Hormone therapy treats reproductive dysfunctions in farmed fish
A new methodology induces the early stages of gametogenesis and achieves the production of high-quality eggs and larvae in flathead grey mullet.
Some species in fish farms suffer from severe reproductive dysfunctions which make them difficult to breed and raise. An example is flathead grey mullet (Mugil cephalus) in which males do not produce fluid semen and females stop the maturation in the first stages of the development of the gonads.
Researchers from IRTA and Rara Avis Biotec published a methodology that ensures the sexual maturation of adults and guarantees the production of high-quality gametes, eggs and larvae. The methodology would allow closing the biological cycle of the species and farm it.
Fish reproduction consists of two stages, gametogenesis and maturation. These stages are controlled by different reproductive hormones, gonadotropins (Gths) and steroids. The study showed for the first time that using new recombinant gonadotropin hormones (rGths), recombinant follicle-stimulating hormones (rFsh) and luteinizing hormones (rLh) in fish induces gametogenesis from the early stages and produces viable mature sperm and eggs.
The hormones used were based on the DNA of those that the mullet naturally has since the hormones responsible for breeding are specific to each fish species. “With this methodology, we can control the oogenesis of females and the spermatogenesis of males from the initial phases (previtellogenesis and spermatogonia) until the end of maturation and spawning. It is an advance compared to previous studies that used hormones from other animals and that obtain lower spawning rates and quality,” said Neil Duncan, researcher at IRTA.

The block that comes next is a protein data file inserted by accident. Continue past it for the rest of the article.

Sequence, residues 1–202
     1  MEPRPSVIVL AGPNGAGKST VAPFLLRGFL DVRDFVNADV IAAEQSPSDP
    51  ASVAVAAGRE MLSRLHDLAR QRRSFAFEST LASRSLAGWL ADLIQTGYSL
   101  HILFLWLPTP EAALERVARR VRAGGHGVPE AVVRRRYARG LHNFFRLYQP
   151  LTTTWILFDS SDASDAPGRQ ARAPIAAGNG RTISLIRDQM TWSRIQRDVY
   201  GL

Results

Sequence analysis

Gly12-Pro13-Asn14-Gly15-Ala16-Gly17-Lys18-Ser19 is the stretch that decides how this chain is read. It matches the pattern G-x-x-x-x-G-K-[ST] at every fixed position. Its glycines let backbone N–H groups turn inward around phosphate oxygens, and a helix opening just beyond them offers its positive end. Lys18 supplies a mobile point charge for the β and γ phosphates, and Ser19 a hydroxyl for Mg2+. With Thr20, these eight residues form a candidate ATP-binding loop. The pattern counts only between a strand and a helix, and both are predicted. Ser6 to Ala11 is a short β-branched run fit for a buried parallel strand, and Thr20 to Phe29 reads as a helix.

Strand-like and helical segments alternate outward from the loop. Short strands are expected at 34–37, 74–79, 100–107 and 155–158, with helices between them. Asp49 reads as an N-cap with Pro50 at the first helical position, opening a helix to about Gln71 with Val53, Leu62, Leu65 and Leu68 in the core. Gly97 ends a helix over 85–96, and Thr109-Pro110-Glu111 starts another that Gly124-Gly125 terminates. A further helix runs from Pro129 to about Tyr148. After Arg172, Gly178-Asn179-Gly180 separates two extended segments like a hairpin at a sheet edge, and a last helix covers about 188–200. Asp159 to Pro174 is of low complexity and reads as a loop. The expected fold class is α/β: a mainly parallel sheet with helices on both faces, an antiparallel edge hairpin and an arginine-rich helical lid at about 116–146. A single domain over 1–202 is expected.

The treatment with new recombinant gonadotropin hormones, which lasted twelve weeks, not only induced gametogenesis but also induced reproductive behavior in both sexes. “This is important to achieve successful courtship and fertilization of the released gametes, although the presence of good-quality males in the tank with fluid semen may also have been a decisive factor for spawning success,” said researcher Sandra Ramos-Júdez.
“This methodology could be applied to other fish species that have severe reproductive dysfunctions using their corresponding hormones, such as high-value ornamental species or threatened and endangered fish species that are bred in captivity for conservation,” said Ignacio Gimenez, manager of Rara Avis Biotec company.
Check out the study here.